Fenway Park turned 100 on Friday. You might have heard about it. It's crazy to think about a facility being used and abused each year by fans and players, and it's still standing. Fires have burnt down grandstands, floods have seeped in from the marshy Fens, and I once threw up in Section 14.
When Fenway Park opened, World War I was 4 years from starting. There was no TV, no radio broadcast of the game. People got their news from telegraph. The Civil War had only been over for 47 years.
Fenway was 28 years old when the US joined World War II. It was 57 when Neil Armstrong and Buzz Aldrin walked on the moon. It was 72 when I was born. And it will probably outlive me,
The ceremony on Friday was tasteful, emotional, well planned, and even moving at times. It brought back memories of childhood, and made me remember why I blindly loved Pedro Martinez and Mo Vaughn. It made me remember that the team we have here in Boston is an integral, inseparable part of life in this town. It made me remember how unreasonably sad I was in 2003 and how unreasonably happy I was in 2004.
It was nice. The players came out, from different generations, from different classes of stardom in this town. Some players I'd never heard of. Some players I saw when I was a kid. Some players I've read about. Wilton Veras, Bill Monbouquette, Nomar, Millar, Lowell, Yaz, Doerr, Pesky, Petrocelli, even Jose Canseco. The obscure, the famous, the infamous.
Even the flyover gave me goosebumps. An F-16 flying wing-to-wing with a P-51. That's just cool. Although the P-51 flew in Europe and the Pacific when Fenway was already 30 years old. A formation of planes ranging from a WW I biplane might have been more appropriate. Or maybe a Marine Corps F4U Corsair and an F9F Panther (the planes Ted Williams flew in World War II and Korea, respectively). But only a history nerd like myself would make such specific suggestions.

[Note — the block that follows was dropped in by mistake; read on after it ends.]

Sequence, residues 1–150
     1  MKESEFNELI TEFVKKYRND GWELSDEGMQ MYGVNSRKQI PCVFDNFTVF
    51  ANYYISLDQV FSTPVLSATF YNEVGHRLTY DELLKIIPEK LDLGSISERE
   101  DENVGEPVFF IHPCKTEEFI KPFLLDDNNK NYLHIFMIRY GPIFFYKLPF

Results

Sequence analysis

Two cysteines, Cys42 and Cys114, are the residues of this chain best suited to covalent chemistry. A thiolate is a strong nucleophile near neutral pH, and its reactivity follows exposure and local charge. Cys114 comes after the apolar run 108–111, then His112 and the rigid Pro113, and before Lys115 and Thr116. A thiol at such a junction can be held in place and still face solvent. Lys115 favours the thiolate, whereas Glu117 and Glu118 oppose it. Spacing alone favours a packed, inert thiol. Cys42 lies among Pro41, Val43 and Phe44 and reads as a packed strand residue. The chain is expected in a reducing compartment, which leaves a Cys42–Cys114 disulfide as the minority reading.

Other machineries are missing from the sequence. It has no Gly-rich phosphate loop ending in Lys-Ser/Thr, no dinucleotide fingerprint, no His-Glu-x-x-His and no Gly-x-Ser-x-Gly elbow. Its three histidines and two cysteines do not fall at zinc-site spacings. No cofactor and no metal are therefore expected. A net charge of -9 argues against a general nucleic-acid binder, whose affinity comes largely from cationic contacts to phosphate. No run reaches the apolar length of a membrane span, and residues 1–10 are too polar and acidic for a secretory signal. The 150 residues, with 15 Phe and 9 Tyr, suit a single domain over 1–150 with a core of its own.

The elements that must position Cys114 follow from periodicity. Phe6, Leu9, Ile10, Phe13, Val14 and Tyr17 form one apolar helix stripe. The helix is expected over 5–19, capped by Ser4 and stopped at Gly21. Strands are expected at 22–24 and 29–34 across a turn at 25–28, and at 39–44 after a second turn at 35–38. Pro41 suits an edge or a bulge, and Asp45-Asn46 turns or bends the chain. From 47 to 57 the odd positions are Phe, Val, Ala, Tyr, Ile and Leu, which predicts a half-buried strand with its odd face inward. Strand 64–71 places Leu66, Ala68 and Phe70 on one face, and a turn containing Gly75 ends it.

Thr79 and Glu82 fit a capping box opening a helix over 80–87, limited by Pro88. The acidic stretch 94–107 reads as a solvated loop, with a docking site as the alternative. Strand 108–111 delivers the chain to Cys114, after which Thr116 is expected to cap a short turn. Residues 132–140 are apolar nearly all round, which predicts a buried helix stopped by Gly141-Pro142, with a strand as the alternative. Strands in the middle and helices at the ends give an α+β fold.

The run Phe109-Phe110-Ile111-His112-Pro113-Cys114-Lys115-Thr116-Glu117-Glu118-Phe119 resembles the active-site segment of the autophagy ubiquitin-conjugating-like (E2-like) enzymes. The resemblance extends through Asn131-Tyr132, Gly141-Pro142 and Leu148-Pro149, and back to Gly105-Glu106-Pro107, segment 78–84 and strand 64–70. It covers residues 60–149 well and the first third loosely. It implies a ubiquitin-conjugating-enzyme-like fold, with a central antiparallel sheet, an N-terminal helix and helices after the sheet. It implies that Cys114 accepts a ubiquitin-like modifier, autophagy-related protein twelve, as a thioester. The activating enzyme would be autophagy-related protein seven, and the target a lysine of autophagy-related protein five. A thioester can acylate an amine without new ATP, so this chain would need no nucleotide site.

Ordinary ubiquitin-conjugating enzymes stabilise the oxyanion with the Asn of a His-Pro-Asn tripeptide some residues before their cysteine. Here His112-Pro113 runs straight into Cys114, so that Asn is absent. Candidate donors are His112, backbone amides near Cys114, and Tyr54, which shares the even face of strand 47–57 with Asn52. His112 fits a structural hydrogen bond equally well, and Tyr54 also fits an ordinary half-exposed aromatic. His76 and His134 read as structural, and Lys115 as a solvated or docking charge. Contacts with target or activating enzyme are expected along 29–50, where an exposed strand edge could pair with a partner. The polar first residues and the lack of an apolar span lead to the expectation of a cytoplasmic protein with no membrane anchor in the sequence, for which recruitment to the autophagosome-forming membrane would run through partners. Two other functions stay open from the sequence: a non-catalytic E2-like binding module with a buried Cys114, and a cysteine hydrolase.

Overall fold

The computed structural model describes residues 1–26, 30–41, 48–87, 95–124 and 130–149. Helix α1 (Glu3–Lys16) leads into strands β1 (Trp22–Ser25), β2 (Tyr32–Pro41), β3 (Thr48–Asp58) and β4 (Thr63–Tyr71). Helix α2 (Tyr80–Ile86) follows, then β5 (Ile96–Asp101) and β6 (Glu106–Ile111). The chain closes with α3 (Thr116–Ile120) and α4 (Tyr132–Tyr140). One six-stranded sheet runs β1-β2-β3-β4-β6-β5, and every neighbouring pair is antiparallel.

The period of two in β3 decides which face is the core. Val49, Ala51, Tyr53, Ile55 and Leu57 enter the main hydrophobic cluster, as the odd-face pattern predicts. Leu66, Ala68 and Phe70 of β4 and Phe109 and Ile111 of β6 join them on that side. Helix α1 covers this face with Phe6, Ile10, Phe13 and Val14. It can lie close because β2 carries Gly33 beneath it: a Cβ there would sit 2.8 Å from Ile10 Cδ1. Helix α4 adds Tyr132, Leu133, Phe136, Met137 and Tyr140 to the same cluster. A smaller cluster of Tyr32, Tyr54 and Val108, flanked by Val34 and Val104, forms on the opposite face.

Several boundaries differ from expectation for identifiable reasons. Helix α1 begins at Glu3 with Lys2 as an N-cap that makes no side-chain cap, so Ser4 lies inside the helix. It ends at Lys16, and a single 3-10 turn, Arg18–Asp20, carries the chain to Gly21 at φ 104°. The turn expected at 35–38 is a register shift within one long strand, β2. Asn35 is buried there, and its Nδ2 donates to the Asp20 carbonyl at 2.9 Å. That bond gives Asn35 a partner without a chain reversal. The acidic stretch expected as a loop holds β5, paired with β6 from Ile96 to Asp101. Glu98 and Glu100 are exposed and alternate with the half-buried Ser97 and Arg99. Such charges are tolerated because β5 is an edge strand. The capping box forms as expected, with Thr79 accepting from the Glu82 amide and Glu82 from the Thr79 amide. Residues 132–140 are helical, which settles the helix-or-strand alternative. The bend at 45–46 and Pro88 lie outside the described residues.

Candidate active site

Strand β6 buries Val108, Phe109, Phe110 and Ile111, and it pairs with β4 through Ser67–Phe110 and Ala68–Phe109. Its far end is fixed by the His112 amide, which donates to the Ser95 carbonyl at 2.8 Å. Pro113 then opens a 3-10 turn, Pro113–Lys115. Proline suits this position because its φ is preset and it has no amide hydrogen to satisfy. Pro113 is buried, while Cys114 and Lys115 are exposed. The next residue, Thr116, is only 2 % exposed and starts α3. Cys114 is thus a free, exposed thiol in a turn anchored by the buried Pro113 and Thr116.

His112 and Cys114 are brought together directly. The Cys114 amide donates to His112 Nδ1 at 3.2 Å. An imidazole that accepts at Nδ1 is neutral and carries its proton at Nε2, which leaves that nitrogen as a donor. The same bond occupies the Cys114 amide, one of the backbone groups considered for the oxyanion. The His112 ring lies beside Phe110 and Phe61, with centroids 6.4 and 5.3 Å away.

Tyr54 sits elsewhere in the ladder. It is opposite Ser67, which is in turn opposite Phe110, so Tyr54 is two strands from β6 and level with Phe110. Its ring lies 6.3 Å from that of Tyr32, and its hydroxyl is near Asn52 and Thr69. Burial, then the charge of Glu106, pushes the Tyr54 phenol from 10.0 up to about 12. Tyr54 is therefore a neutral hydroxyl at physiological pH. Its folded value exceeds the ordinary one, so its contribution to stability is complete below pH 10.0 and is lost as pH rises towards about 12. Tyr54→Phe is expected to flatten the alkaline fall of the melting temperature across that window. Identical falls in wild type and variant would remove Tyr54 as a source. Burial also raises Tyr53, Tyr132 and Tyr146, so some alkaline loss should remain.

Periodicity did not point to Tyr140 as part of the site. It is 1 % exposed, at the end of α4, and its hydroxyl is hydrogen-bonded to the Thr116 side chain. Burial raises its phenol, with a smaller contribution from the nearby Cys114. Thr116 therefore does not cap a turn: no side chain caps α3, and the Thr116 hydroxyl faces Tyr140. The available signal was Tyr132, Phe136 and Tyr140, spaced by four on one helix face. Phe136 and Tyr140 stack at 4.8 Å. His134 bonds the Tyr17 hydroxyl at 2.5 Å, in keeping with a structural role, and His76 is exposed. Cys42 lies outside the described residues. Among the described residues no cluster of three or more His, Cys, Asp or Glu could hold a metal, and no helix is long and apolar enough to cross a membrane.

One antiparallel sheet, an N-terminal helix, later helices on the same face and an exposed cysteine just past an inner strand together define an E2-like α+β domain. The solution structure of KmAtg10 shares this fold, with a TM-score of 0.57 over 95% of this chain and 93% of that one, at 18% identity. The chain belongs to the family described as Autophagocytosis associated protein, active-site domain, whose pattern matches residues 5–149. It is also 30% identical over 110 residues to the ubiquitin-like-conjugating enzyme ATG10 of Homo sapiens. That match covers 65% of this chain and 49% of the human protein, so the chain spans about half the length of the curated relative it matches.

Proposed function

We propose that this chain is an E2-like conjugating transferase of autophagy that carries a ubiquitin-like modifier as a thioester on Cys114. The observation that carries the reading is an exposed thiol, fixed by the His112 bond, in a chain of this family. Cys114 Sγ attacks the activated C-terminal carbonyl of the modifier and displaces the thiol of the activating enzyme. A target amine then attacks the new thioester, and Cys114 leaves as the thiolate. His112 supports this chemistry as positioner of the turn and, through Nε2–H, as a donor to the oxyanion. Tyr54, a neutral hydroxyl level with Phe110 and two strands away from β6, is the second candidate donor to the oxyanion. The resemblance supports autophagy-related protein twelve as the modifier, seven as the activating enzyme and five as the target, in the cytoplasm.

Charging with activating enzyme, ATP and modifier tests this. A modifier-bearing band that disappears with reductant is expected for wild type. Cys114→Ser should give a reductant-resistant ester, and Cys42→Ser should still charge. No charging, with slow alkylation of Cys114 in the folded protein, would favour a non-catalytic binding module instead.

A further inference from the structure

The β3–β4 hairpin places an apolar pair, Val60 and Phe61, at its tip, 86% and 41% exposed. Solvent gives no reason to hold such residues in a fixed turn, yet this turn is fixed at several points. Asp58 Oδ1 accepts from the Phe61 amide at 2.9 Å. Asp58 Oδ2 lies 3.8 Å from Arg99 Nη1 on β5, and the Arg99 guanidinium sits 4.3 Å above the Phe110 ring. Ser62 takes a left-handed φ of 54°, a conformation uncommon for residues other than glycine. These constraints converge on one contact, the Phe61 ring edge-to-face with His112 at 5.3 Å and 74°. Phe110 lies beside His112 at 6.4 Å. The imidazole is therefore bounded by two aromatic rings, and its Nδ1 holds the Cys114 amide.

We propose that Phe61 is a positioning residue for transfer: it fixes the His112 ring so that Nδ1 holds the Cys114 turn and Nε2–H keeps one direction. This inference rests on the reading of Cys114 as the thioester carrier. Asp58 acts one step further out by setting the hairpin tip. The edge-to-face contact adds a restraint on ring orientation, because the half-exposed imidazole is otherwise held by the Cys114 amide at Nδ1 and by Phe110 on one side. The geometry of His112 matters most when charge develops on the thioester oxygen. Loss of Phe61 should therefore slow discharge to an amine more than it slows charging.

I felt like a kid as I watched the proceedings. Then I realized that this was precisely how Larry Lucchino and John Henry wanted me to feel. This was how they got Sox fans to shell out hundreds of dollars to watch mediocre players blow 8 run leads and then be happy about it. They make us feel like we're in Disney World, then they pick our pockets. And we smile as they do it.
Lucchino and Henry didn't care about the Sox until they realized it was an asset they could build up, squeeze, then sell. They see Fenway Park as a tourist attraction, not a ballpark. I used to go to games to see the Sox play. People today go just to go, because it's cool. It's the trendiest bar in town with an obscene cover charge, overpriced beer, and lousy entertainment.
So while it was cool to see Pedro, Nomar, Millar, Lowell, Wakefield, and everyone else. Knowing that it was all part of the Lucchino-Henry money making master plan gave me a bad after taste. Fenway's 100th Anniversary wasn't a celebration of Boston, or the Sox, or Fenway. It was a marketing tool. It was exploitation of the team's most valuable resource. It was about image and money, and "growing the brand," as a business person would say.
And I wouldn't care if "growing the brand" included signing a frontline starting pitcher. But it doesn't.